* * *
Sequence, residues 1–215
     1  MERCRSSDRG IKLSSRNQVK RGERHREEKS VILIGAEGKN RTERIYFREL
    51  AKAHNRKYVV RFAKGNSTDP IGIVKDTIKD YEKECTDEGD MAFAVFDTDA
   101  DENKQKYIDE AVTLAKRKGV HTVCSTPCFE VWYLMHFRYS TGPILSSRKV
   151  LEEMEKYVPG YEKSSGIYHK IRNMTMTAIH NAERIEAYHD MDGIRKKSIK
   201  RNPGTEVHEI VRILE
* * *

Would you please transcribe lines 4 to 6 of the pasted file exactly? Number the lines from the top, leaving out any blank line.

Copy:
   101  DENKQKYIDE AVTLAKRKGV HTVCSTPCFE VWYLMHFRYS TGPILSSRKV
   151  LEEMEKYVPG YEKSSGIYHK IRNMTMTAIH NAERIEAYHD MDGIRKKSIK
   201  RNPGTEVHEI VRILE